While I, too, am frustrated and a bit perplexed by colleagues not recognizing
electronic texts which have been submitted to peer review, I have to also
be honest and admit I understand their point of view. Take plagiarism,
cheating, or scholastic dishonesty -- whatever term you want to apply --
how could it be controlled? Now, I'm not suggesting that any of US would
engage in such an act, but wouldn't it be tempting? How are you going to
be sure that your work is submitted as your own work and not someone else's?
Yes, you can, if you are determined, steal someone's work with printed
texts, but electronic communication adds another layer and another concern
for some people in this area.
Then, there's the old progress is fine as long as it doesn't change anything
attitude, which I fight a lot with some of my peers (Not, by any means, all).
And, there's territory and power dimensions to objections to electronic
communication as well. There may even be a hierarchical problem here --
electronic media are less hierarchical and, therefore, more threatening to
some of our colleagues, particularly those who prefer and use hierarchical
thinking/organizing (teaching?) patterns. And, we all use them, at least
to some extent.
There may even be a deeper issue here. Are peer-review journals still as
effective at weeding out junk as they once were? The presence of high
quality, but non-reviewed journals is as threatening (if not more so) than
electronic, non-reviewed journals. It's a territorial thing. And, I
suspect it may be linked to our views of the institution of education as
well (thoughts of Foucault here -- discipline, punishment, the GAZE as a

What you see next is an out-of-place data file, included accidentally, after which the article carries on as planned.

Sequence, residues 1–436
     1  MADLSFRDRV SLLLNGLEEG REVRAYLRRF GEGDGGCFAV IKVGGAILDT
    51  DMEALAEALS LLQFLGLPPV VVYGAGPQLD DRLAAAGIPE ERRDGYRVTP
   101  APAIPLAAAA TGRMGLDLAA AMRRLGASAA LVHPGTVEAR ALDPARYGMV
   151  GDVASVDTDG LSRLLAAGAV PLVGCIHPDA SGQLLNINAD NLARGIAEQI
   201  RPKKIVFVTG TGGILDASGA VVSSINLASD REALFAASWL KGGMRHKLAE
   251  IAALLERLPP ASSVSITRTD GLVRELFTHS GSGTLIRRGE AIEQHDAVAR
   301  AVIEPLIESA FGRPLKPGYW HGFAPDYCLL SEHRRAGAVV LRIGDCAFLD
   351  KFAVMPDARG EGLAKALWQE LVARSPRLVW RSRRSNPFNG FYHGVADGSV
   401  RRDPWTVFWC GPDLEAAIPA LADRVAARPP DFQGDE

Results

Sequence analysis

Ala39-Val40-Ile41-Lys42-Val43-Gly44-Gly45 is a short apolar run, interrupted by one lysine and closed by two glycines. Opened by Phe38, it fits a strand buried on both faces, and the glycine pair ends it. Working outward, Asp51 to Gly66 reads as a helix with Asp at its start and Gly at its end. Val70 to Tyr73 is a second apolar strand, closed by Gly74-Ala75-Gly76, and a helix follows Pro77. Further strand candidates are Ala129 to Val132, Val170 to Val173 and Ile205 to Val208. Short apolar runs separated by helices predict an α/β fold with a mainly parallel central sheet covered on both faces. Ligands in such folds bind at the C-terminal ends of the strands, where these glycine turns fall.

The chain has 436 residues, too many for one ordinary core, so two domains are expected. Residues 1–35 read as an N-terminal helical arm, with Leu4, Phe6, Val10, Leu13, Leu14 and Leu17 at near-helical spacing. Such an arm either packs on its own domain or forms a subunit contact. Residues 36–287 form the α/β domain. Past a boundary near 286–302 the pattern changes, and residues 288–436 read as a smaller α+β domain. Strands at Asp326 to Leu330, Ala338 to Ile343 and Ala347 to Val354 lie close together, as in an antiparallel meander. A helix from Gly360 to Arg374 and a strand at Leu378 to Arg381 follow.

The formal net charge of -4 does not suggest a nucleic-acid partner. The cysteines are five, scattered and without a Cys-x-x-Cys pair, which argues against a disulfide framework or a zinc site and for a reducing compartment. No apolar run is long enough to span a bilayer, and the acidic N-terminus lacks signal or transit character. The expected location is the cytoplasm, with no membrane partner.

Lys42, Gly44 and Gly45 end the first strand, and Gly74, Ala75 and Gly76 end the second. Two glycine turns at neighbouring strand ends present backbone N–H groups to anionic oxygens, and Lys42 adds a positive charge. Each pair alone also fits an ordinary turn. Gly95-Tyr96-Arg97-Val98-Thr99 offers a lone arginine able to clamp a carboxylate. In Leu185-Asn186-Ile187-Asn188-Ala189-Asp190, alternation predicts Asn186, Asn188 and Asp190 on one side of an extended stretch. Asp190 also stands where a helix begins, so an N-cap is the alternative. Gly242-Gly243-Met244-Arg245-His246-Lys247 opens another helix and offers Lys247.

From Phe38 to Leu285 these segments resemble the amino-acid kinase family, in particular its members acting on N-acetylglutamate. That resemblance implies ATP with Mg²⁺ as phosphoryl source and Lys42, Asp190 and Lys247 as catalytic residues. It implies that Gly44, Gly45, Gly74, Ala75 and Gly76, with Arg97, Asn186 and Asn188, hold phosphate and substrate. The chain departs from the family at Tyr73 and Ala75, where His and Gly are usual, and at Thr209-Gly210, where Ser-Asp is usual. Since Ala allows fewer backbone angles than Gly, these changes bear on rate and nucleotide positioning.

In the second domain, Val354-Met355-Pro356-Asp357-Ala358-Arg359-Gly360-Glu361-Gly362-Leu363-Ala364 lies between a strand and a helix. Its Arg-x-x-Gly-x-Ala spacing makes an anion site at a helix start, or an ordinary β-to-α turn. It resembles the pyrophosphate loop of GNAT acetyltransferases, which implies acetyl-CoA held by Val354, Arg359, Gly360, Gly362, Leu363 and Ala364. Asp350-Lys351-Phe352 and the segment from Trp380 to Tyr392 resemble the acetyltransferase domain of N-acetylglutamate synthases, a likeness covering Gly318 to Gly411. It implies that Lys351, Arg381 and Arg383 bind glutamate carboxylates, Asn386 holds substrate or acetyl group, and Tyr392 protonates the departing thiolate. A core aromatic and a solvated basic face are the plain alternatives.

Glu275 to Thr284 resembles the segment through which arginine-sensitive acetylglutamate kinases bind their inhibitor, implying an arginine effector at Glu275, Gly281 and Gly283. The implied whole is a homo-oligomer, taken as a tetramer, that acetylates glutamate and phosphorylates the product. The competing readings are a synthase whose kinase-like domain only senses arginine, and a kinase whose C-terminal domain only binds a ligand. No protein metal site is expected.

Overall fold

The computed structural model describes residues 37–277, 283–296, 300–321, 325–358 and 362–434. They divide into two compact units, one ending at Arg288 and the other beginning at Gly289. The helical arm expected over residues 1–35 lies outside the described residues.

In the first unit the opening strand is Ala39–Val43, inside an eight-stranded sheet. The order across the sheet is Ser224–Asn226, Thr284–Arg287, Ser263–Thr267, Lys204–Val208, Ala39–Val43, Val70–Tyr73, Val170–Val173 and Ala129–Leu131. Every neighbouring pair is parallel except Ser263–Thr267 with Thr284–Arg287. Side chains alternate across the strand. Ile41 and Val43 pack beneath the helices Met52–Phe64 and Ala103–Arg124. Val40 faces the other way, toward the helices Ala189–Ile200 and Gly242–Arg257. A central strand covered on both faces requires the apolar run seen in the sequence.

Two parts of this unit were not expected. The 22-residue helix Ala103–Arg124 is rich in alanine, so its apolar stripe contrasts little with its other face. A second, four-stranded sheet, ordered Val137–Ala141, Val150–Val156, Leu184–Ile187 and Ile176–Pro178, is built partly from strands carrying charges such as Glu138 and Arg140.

way of controlling). Without a printed text and the imagined author
behind it, discipline and control are less readily available. Anarchy.
Chaos. The End of the World as we know it?
So, the point in this long-winded reply is that perhaps our colleagues
have a reason for their actions/reactions? The presence of a point doesn't
make it more tolerable for us, necessarily, but does make it more reasonable
The question then becomes, how do we convince colleagues of the quality of
our communities and communication? How do we prove ourselves? How do
we receive validation? Those are harder questions and ones I'm not sure I
Do we have to provide hard copies of everything we do to convince people
that we are scholars?
Finally,and I promise to sign off after this, are WE convinced that what
we are doing is equivalent to what is being done in peer-reviewed journals?
I don't mean to cast aspersions or throw stones, and I know I haven't been
as involved in electronic communication as many of you, but I'm not entirely
convinced of that myself (heresy?).